Thursday, June 23, 2011

Rohn to Nikolai

Start - Rohn: 272 miles

Rohn – Nikoli: 80 miles

Most of my time at Rohn was spent making different meals for the dogs (soaked meat, soaked meat and fat, soaked meat and kibble, dry kibble, fish, frozen meat snacks, all combinations possible….), most of which they ignored. I also typically spent a bit of time on dog care; wrapping wrists, short massages, etc. This all boils down to: a tired musher. I hadn’t gotten any sleep yet and I was beginning to feel it. But I scheduled myself to leave Rohn after a 6 hour stay, and I left after 5 hours and 56 minutes.

There were two final scare monger trophies to tackle, both in the upcoming run: the glacier out of Rohn, and the Farewell Burn. I was so tired however, that I just didn’t care about the ‘ooh scary Iditarod trail’ anymore. A note on 'glaciers.' Glaciers in the mushing world are sheets of ice, made by flowing water that surfaces and pools or runs down a slope then freezes. When trails cross these, dogs and sleds get no traction; everything slips and slides and/or flips on it's/their sides.

I left Rohn with 14 dogs and they all looked very good. Some people advise to never leave Rohn with a fresh dog team (more fear mongering); the trail is just too dangerous. They suggest going through Rohn and camping two or three miles out, once the ‘crap’ trail out of Rohn and the glacier have been passed. But, there a plenty of people who camp at Rohn and survive just fine. Some people also suggest leaving Rohn in the light, so as not to miss the turn onto the Kuskokwim River. Others say to leave in the dark, so that the reflectors marking the trail can be picked up more easily. All of the different options and suggestions could make a person a little nuts.

Anyway, I left Rohn at about 6:15 in the evening; it was still light. The first hazard out of Rohn was crossing the Kuskokwim River. It’s a very windy spot so all the snow was blown off the frozen river. The trail out of Rohn goes sort of diagonally down the river to the opposite bank. I didn’t see any markers right away, but Hailey seemed to know where she was going. Then I saw markers…. over there, to the right. I tried getting the team over to the markers, but I had no control of the sled due to being on glare ice. ‘Gee gee gee’ I kept yelling. Hailey’s an amazing dog, but not always the best gee haw dog (ie, doesn’t respond to commands so well). Then I saw a drop off where the ice had broken, ‘crap.’ Off the dogs went, and thankfully it was only a couple of feet. Then I saw the trail on the opposite bank, Hailey was heading right for it. The trail was fairly good for a short while, then I understood what they meant by ‘crap trail out of Rohn.’ There was no snow on the trail and it was full of roots. Sleds don’t handle well on frozen dirt and roots. They just slide and bounce around. It was very, very annoying. I can’t say I was nervous or scared, just annoyed. I was also anxious about the glacier, due about 45 minutes out of Rohn.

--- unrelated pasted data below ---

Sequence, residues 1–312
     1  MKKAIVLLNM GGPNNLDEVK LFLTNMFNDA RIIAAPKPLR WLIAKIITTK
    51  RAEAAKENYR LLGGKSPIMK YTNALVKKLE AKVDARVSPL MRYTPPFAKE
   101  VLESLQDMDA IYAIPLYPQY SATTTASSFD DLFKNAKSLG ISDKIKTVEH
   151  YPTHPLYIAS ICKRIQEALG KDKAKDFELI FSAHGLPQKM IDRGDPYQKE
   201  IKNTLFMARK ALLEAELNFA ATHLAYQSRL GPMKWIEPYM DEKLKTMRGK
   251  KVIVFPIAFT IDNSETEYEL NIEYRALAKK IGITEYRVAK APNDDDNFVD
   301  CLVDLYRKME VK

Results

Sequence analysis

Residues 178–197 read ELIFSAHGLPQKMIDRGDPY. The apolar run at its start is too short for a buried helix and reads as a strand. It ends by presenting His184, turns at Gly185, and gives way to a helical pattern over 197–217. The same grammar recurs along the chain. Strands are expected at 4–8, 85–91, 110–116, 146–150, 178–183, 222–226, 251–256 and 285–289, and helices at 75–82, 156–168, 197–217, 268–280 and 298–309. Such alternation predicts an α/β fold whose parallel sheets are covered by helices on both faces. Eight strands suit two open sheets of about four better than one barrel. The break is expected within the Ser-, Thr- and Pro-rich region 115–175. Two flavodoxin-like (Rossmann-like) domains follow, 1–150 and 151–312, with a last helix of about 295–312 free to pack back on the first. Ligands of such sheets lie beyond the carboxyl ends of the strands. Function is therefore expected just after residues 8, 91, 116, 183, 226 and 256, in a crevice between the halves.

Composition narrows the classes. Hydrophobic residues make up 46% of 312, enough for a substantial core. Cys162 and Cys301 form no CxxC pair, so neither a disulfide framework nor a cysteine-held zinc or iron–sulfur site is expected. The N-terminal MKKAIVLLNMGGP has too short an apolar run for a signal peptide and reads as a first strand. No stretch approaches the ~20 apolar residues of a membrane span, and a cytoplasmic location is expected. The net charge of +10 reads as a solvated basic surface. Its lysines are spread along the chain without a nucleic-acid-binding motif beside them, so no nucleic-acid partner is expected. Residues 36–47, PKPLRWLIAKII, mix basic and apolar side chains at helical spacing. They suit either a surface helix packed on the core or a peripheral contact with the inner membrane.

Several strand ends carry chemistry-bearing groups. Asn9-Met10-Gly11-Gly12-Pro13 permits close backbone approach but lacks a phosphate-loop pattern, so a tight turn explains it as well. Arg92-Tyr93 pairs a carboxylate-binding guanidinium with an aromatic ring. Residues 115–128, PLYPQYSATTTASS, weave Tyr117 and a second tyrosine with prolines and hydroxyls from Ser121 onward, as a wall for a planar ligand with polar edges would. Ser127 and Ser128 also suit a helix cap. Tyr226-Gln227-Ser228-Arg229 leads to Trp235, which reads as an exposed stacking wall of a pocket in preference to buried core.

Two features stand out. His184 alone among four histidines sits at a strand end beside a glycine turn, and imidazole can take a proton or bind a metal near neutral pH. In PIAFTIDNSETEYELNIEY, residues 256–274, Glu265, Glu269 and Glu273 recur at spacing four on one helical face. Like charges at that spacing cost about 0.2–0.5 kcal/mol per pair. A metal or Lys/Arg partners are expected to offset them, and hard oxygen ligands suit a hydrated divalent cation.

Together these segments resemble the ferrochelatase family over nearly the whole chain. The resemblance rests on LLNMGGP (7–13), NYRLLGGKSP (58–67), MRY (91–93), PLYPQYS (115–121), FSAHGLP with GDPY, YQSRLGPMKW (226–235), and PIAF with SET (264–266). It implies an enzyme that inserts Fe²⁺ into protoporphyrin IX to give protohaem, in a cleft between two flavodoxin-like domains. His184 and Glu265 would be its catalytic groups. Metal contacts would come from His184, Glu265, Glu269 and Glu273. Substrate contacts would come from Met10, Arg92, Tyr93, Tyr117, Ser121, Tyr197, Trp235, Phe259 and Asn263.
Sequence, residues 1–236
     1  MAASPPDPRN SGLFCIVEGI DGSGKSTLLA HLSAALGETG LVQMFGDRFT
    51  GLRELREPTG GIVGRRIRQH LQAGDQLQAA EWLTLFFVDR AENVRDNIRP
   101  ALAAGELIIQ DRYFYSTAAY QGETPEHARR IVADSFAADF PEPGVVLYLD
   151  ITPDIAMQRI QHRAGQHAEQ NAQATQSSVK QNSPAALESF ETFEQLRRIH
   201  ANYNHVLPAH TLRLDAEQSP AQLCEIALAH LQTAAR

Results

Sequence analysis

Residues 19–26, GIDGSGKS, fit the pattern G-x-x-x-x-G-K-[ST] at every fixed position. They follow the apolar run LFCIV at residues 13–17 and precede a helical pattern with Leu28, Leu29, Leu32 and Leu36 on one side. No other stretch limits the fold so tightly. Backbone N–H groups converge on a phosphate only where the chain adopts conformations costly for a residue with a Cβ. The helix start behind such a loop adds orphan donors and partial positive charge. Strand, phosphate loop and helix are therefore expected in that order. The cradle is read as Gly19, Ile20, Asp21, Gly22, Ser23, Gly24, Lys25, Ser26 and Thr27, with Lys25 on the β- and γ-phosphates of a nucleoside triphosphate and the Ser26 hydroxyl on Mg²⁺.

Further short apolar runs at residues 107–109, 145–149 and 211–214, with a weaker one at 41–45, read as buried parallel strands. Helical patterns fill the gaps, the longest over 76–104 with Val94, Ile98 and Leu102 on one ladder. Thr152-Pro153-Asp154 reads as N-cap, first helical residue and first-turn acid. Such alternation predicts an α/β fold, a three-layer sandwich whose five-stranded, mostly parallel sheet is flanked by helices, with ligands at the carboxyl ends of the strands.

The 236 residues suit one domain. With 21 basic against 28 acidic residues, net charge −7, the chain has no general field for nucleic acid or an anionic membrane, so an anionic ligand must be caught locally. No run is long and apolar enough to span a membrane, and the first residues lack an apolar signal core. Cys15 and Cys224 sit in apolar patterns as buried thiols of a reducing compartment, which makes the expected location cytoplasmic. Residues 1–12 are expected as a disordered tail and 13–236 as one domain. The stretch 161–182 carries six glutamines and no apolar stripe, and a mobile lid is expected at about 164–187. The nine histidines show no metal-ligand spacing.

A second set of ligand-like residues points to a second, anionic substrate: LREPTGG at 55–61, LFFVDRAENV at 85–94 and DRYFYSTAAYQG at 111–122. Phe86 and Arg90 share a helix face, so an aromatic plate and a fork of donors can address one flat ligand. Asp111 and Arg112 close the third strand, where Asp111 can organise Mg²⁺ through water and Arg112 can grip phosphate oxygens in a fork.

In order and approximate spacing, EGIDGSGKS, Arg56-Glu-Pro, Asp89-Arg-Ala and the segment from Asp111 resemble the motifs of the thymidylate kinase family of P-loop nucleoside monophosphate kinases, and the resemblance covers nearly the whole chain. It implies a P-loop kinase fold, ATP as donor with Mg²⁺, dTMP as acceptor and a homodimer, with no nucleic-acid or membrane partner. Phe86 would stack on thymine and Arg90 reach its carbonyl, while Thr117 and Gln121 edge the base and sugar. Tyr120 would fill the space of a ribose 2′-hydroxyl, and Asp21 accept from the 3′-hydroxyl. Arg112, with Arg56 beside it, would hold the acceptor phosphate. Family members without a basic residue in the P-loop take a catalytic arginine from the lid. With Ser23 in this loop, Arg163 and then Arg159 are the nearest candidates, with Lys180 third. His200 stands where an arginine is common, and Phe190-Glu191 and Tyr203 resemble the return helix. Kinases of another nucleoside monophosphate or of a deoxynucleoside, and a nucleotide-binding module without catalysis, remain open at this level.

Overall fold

It was still light when we got there. The whole experience was a little surreal actually. Hailey was in single lead, picking her way along the windy trail. All of a sudden I saw the glacier on the right. It was very large (maybe 25' high), and very steep; but it was my lucky day, it was covered with a small layer of snow (traction!). Hailey just kept going along the base, like she knew where she was going. I didn’t tell her otherwise, because I sure didn’t want to go straight up the face of the thing. I just waited to see if the trail skirted around and up; sure enough it did. Hailey didn’t miss a step and gave no indication that this was anything but normal trail. She just followed a trail on the far side that went straight up the side of the glacier. There was no slipping, so scrambling, no confusion, no turning back. Piece of cake. I just started giggling out loud, ‘Dogs! That was the glacier!’ I later heard of all sorts of stories of people getting stuck on the glacier. One team’s dogs turning around and sliding back to the bottom. Art’s dogs wanted to go straight up the glacier, got all tangled up, and he had to let the all loose in order to untangle the gangline.